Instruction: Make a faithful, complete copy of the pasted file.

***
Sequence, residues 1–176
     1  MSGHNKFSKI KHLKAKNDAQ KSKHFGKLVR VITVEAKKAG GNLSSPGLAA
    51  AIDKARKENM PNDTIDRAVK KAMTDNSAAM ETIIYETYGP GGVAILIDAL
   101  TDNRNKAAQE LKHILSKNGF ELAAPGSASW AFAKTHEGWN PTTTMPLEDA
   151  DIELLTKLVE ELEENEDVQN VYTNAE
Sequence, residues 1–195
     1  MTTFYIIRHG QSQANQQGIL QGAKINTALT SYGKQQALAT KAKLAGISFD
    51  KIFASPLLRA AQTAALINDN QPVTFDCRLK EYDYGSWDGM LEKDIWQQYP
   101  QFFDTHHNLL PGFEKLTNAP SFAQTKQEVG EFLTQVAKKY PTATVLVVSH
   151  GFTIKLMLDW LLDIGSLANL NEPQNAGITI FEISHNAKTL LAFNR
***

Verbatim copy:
Sequence, residues 1–176
     1  MSGHNKFSKI KHLKAKNDAQ KSKHFGKLVR VITVEAKKAG GNLSSPGLAA
    51  AIDKARKENM PNDTIDRAVK KAMTDNSAAM ETIIYETYGP GGVAILIDAL
   101  TDNRNKAAQE LKHILSKNGF ELAAPGSASW AFAKTHEGWN PTTTMPLEDA
   151  DIELLTKLVE ELEENEDVQN VYTNAE
Sequence, residues 1–195
     1  MTTFYIIRHG QSQANQQGIL QGAKINTALT SYGKQQALAT KAKLAGISFD
    51  KIFASPLLRA AQTAALINDN QPVTFDCRLK EYDYGSWDGM LEKDIWQQYP
   101  QFFDTHHNLL PGFEKLTNAP SFAQTKQEVG EFLTQVAKKY PTATVLVVSH
   151  GFTIKLMLDW LLDIGSLANL NEPQNAGITI FEISHNAKTL LAFNR